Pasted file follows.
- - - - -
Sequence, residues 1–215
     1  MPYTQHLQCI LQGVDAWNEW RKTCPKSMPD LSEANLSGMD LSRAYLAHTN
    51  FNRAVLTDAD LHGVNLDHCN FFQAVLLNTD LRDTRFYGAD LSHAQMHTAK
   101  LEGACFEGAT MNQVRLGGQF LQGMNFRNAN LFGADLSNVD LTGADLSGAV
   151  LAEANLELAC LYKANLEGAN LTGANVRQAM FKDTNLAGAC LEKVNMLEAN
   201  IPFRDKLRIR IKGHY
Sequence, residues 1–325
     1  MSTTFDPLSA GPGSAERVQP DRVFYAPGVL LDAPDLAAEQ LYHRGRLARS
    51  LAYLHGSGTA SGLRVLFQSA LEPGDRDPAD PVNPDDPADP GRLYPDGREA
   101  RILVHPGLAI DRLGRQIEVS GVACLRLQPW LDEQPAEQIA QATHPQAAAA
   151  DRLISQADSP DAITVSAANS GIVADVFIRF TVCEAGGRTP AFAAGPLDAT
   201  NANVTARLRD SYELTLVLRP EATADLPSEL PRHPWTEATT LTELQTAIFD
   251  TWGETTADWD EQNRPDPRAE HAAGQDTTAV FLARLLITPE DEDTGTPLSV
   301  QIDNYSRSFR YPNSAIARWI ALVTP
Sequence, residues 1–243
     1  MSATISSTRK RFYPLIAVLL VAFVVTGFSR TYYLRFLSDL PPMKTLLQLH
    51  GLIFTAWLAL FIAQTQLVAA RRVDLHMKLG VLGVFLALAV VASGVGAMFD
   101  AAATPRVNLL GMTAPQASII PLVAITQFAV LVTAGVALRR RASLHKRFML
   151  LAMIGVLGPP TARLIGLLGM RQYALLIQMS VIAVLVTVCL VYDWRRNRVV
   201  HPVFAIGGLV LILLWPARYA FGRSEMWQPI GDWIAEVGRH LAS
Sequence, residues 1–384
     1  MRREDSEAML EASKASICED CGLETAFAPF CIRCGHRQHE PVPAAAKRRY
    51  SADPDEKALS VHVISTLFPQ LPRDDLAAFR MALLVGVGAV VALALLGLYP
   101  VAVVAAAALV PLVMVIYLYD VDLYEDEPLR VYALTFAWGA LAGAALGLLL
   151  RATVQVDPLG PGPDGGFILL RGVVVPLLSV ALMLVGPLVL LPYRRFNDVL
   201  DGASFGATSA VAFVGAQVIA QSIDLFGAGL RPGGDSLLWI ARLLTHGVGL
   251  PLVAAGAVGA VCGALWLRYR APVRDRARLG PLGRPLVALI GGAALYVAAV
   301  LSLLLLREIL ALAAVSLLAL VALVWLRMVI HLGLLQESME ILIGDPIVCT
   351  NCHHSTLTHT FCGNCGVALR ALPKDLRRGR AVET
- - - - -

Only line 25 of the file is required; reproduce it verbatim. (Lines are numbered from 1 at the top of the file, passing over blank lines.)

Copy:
   151  RATVQVDPLG PGPDGGFILL RGVVVPLLSV ALMLVGPLVL LPYRRFNDVL